COSTA MESA, Calif. -- Located in a quiet Costa Mesa business district -- an hour's drive southwest of this week's NASCAR venue Auto Club Speedway -- sits a non-descript grey brick building identified only by three letters: "TRD." This is the brain trust and engineering headquarters for Toyota Racing Development.
Just inside the front doors your eyes are drawn to a pedestal holding a three-foot high bright red statue -- a Japanese "daruma" -- an homage to Zen Buddhism that is both motivating and interactive. According to legend, in a small ceremony you paint in the left eye of the doll when setting a specific goal. You paint in the right eye -- finishing the doll's face -- when that goal is accomplished.
This one is still winking. It awaits Toyota's first NASCAR Sprint Cup Series driver's championship.
It is a symbol of what has been a unique and fruitful East meets West relationship as Toyota celebrates its 10th year in NASCAR after an unconventional and highly ambitious entrance onto the American stock car scene.
As President and General Manager TRD USA David Wilson explains, Toyota was extremely conscientious of manner and appearance. This was as much a cultural consideration as a sporting outlet.
As Wilson explained, originally Toyota's decision to enter NASCAR "was about participating in a sport that is iconically American and hitching our wagon to that.
"At the time, (Toyota) literally didn't care about winning, it was about participating. From our end here (at TRD), we wanted to win and we were confident it would come in time. And it has.
"It (NASCAR) was the right place to talk to the fans about the Americanization of Toyota and the fact we build cars and trucks here,'' Wilson said. "In doing that research and talking to the fans we also realized it was going to be a very polarizing consideration for the NASCAR fan base: a "foreign" manufacturer joining the ranks. And so a lot of that dictated the method with which we entered the sport.
"I don't think our expectations in the first year were that aggressive, knowing we were new to the sport,'' Wilson continued. "From an indirect benefit, that somewhat demonstrated to the fan base that we were being respectful of their sport, we weren't going in there heavy-handed."
This week, TRD invited a small group of racing journalists to tour the facility for the first time ever and it was immediately apparent in tangible ways that Toyota's involvement in the sport is about a broader philosophy.
The engine-making facility was built in 1995 as Toyota was making inroads in open-wheel and drag racing genres. It now employs 182 workers -- an engineer assigned to every engine part. Really.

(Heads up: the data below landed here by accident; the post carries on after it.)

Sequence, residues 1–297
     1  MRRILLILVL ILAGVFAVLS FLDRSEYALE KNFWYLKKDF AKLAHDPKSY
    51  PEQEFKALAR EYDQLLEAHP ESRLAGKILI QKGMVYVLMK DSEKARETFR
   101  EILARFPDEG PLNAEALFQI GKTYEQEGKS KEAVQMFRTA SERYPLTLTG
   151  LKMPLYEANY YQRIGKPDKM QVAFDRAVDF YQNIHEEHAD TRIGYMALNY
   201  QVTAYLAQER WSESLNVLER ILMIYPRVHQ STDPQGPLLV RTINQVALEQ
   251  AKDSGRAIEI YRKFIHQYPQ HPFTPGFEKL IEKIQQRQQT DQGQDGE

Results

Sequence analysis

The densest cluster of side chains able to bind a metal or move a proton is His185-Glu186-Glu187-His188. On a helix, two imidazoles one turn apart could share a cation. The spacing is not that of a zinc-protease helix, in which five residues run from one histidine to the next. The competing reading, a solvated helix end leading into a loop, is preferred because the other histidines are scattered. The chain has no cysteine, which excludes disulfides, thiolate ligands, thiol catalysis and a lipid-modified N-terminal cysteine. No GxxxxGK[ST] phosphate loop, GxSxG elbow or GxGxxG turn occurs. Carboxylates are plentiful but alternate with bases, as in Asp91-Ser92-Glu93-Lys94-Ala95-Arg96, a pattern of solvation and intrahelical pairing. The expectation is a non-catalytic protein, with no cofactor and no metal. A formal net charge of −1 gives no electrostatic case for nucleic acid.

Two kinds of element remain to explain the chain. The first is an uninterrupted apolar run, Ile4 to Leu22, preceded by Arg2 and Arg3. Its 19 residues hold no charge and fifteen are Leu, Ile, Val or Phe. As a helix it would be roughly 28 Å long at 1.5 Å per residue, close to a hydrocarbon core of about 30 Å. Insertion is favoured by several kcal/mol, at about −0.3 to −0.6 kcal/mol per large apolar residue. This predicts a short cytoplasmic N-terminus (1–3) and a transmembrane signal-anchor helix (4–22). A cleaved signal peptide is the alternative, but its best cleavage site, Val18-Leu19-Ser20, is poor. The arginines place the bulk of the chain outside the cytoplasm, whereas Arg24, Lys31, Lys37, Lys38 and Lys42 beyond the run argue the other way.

It is impressive in its size -- two massive buildings that measure 32,000 and 47,000-square feet each, house five engine dynamometers, automated parts-making machines the size of a truck, massive inspection bays and all the offices and work stations you'd expect of a high technology-based work space.
The walls surrounding the engine "build shop" are decorated in wallpaper that gives the impression you are deep inside the Bristol Motor Speedway. A motif of empty grandstands rises floor to ceiling -- empty because that's when this behind-the-scenes type work is done.
Blue prints sit on tables throughout the area. Huge carts of metal shavings sit in the parts-production line and half-completed engines sit tagged and awaiting the next stage of completion. It takes approximately 130 man-hours to build a single engine.
Engineers work shoulder-to-shoulder with technicians, turning out 55 engines a week to be delivered to Toyota's Sprint Cup teams -- a contingent led by Joe Gibbs Racing and Michael Waltrip Racing.
One team is building engines, while simultaneously another team is dis-assembling the most recently race-used motor. Every single engine is taken apart piece-by-piece and rebuilt and reused when possible.
On large carts, used engine pieces are cleaned and separated, and tagged with helpful notes such as "light crash, spun backwards" or "ran hot in race."
There is great cost in being so removed from NASCAR's traditional hub outside Charlotte, N.C., some 2,500 miles away -- but also benefits. And Toyota has made it work.
"If we can't deliver a product to them that's as good or better than what we could do there, then we'd have to move,'' Wilson said. "But that hasn't happened.''
Certainly Toyota's home track Auto Club Speedway has been a veritable Toyota showroom.
Matt Kenseth put his No. 20 Dollar General Toyota on the Coors Light pole for Sunday's race. Toyota driver Kyle Busch is the defending race-winner, his trophy sits in the TRD front foyer just across from the daruma.
It is a striking reminder that Toyota's intentionally unique methods -- in locale, approach and philosophy -- have been rewarded. Persistence, patience and perspective have produced achievement.
Three drivers in the past four seasons -- Kenseth in 2013, Clint Bowyer in 2012 and Denny Hamlin in 2010 -- have finished runner-up in the Chase for the Sprint Cup. And last year's cumulative 14 wins in a Camry gave Toyota the season-high total and a runner-up in the manufacturer's race.
"Spiritually, since we've come into the sport, it's been such a positive reaction,'' Wilson said. "Our board meetings are much more pleasant. If you look at the reasons Toyota came into NASCAR, for the first time since engaging in top-tier motorsports, the company engaged us.
"From a personal level it makes you feel good to be here. That support and warmth goes all the way back to Japan. They have embraced this as the right place for our company."